By Chris Eshleman
In late January, the US Census Bureau compiled and released data showing that in 2012 state governments spent well beyond their means — for the third time in four years. Revenues lagged behind expenditures in 34 states.
The implications of state deficits for city-level fiscal health are myriad. They cover everything from the future of revenue-sharing programs and borrowing rates to state legislatures’ ability to compile healthy annual capital budgets.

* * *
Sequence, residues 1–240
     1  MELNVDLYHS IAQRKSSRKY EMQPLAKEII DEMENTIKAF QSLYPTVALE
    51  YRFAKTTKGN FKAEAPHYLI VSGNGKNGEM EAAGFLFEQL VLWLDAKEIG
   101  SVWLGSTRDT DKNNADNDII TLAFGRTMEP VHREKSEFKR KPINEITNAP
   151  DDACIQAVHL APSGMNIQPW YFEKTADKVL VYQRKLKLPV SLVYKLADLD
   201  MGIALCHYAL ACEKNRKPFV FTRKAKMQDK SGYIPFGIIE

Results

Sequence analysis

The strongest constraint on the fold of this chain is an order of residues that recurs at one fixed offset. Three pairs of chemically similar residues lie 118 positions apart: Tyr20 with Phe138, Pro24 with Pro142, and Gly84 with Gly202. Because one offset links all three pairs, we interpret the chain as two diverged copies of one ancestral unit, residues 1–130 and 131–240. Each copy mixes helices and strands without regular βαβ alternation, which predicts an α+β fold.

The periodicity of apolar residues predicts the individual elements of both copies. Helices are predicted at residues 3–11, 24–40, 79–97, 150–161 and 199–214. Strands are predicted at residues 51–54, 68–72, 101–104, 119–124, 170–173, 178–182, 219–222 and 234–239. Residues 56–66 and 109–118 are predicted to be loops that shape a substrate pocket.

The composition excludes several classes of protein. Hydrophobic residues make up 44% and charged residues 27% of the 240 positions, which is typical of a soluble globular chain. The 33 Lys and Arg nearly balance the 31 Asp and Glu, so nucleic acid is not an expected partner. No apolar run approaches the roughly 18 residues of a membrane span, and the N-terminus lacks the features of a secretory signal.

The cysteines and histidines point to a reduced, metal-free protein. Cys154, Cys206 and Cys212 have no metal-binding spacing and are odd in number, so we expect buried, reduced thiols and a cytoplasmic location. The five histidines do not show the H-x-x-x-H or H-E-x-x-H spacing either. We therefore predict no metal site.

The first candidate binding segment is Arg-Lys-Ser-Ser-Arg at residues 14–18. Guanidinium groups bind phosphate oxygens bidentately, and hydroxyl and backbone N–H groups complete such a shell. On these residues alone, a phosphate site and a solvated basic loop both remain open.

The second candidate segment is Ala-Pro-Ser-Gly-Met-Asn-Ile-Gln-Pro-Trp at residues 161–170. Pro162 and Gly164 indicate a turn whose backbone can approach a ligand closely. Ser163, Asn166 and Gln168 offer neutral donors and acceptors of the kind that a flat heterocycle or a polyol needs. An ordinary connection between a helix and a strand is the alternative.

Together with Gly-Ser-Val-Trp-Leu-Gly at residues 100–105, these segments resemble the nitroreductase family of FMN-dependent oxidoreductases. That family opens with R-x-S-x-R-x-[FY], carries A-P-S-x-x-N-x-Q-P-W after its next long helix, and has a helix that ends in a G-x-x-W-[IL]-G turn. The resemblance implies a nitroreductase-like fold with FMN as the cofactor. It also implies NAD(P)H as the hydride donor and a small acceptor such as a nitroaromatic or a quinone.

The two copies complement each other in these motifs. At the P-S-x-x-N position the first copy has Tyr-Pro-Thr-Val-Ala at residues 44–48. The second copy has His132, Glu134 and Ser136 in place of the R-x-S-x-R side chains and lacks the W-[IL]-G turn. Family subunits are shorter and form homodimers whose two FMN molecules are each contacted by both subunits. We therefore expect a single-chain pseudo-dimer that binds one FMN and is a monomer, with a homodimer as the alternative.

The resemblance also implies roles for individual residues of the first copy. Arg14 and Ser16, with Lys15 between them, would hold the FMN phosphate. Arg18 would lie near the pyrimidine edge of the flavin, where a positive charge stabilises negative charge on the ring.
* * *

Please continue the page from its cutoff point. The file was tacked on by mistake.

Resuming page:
But when you break the numbers down, the implications were worse for some states than for others. The 20 states with at least one legacy city overspent in 2012 by $391 per state resident — that’s the amount that state expenditures eclipsed revenues divided by the number of state residents (as counted in the 2010 census).… Read More